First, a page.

An unexpected flood that diverted traffic and flooded streets, as well as at least a few lawns and home foundations through Grays Harbor County on Monday Jan. 3, showed Hoquiam City Administrator Brian Shay the importance of having more substantial flood protection.
“One thing I’d say about the flood, it’s an exact reminder of why Aberdeen and Hoquiam are building the North Shore Levee project,” Shay said Tuesday, Jan. 4.
Hannah Cleverly, deputy director of emergency management for Grays Harbor County, said in an email to Shay and many other government employees that it sounds like four factors — king tides, tidal surge, rain and rapid snowmelt — contributed to the “unexpected” flood.
A king tide is an exceptionally high tide.
The most impacted area in Hoquiam, according to Shay, Hoquiam Police Department Chief Jeff Myers and Deputy Chief Joe Strong, was the intersection of Highway 101 and state Route 109. The intersection helps form a triangle that runs between Al’s Humdinger restaurant and Central Playground. Hoquiam River runs along that area, too.
High tide, which was 12.8 feet at 1:03 p.m., on Monday, was predicted to be 12.47 feet at 1:57 p.m., on Tuesday, Jan. 4, according to the Hoquiam Police Department’s Facebook page. The tide chart shows high tide on Wednesday, Jan. 5, to be 12.14 feet.
Myers said he has been the Hoquiam police chief for 15 years and that he hasn’t seen the floodwaters in Hoquiam get as high as it did on Monday.
But, he said, the department was aware flooding would be an issue.
“I know (Grays Harbor) County Emergency Management has been working with the National Weather Service to see what happened,” Myers said.
Myers called Monday’s flooding an abnormality. The flooding stopped traffic at about 1:45 p.m. near the intersection of Sumner Avenue and 23rd Street in Hoquiam — more than eight blocks from Riverside Bridge. Traffic was slowed, or stopped, as late as 3:45 p.m. Monday, Jan. 3, on Heron Street in Aberdeen.
Strong said the main challenges he saw were continuing calls for services, as all of Hoquiam’s police force and street departments were tied up on street diversions.
Strong said he has not received any reports of crashes or people getting stuck in the floodwaters Monday.
Myers said he and his staff noticed Hoquiam River getting high behind the police station during the late morning on Monday, but it wasn’t an unusual thing to see. Then they got a report of a broken main waterline at Al’s Humdinger restaurant.
“The river runs behind Humdinger,” he said. “The river got so high, it reached the levee behind Humdinger.”
Myers said the water reached to a point where it went over the area that was a former railroad track.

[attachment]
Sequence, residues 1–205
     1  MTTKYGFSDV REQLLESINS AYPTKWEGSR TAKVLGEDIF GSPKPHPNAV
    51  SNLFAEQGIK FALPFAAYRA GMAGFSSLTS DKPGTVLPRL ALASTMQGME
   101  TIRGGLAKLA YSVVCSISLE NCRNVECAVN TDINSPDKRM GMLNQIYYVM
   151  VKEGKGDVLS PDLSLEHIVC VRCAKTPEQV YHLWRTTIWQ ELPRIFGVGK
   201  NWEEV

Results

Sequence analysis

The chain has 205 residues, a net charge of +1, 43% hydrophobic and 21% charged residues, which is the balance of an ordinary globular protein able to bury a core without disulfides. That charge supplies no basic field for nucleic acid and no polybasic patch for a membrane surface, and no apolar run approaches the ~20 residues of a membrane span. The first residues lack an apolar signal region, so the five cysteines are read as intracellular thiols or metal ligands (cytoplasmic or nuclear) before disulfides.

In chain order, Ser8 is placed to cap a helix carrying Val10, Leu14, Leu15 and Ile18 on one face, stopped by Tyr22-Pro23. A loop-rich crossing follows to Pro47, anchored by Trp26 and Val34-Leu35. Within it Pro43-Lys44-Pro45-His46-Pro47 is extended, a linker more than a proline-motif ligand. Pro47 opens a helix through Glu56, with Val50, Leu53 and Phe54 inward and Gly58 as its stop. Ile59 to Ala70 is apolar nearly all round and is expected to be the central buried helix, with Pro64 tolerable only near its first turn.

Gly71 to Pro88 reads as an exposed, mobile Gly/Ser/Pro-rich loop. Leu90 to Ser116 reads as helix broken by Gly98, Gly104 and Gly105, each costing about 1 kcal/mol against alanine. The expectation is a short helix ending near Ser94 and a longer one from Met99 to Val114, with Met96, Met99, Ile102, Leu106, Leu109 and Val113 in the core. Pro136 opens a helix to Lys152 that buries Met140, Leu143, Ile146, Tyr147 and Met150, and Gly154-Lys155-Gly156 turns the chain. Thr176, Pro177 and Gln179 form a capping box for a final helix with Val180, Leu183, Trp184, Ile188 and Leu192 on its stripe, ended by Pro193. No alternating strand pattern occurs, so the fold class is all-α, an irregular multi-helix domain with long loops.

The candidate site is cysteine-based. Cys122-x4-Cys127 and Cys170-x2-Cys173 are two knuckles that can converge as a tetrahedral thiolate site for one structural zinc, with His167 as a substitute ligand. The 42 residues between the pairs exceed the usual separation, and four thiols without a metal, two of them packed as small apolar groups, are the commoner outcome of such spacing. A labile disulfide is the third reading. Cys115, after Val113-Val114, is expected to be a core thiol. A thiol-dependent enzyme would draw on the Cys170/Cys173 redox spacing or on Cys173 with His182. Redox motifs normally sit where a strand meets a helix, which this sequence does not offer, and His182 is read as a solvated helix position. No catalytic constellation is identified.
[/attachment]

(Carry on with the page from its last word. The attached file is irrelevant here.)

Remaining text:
“We’ve had that before, but never to this extent,” he said. “As water continued, it flooded across the street (at) Lincoln Street-Highway 101.”
Myers said Hoquiam police closed the highway there to prevent cars from causing wave damage, which happens when a car drives through water and causes a wake that ends up spilling onto nearby home lawns and underneath homes.
“We don’t want people driving through, because it can knock your car out and leave you stranded,” he said. “And two, it can flood homes.”
Myers said the water got deeper and “inundated” six homes around Emerson Avenue, which is one of the other streets that runs right near Al’s Humdinger and Central Playground.
Shay said he spent some of Monday afternoon taking photos of the flooding throughout Hoquiam.
“I’m sure there are homeowners who have flood damage,” he said. “There were a couple homes near Karr (Street) and Eklund (Street) where there was definitely water that got into the first floor of those homes.”
Strong said the police response to the flooding was a success because staff diverted further damage and it prevented a lot of wake damage.
Both Karr and Eklund streets run from Highway 101, near Al’s Humdinger and the Hoquiam School District campus.
Both Hoquiam School District and Aberdeen School District canceled school Tuesday because of icy road conditions created overnight and also because of the expected tidal flooding that was expected around mid-day on Tuesday.
Echoes of the Sea, a Copalis Beach motel located at 3208 state Route 109, which has eight motel rooms, 10 recreational vehicle sites and seven campground sites, is dealing with flood damage throughout the property that could render it closed for several weeks, according to Scott Carroll, who bought the property with his wife Patty in August 2020.
“All eight of our motel rooms, all 10 of our RV sites and all seven of our tent sites were underwater yesterday,” Carroll said. “The motel rooms (have) got 14 inches of water inside.”
He said the flood forced six people, who were staying at the property between the motel rooms and at the RV sites, to evacuate.
Carroll said he and his staff are doing some basic cleanup, including the use of a variety of tools to suck up the water, so they can determine the extent of the damage, and then figure out what they’ll have to do to reopen Echoes of the Sea.
But he’s thankful they made repairs to the motel in 2021. The motel flooded on Jan. 12, 2021. The motel could see a sooner reopen date than last year’s timeline, which was between six to seven months. The damage last year was estimated between $130,000 and $140,000.
Carroll said the motel this year will be in a better situation.
“Fortunately, when we made the repairs after last year’s flood, we made the repairs in such a way that future repairs would be easier,” Carroll said. “We still don’t know the extent of the damage yet.”
Once the initial floodwater is removed from the property, the staff will disinfect the floors, and then assess the damage.
Carroll said his staff is responding well.
“We’re pulling together and pitching in to make sure things get cleaned up,” he said.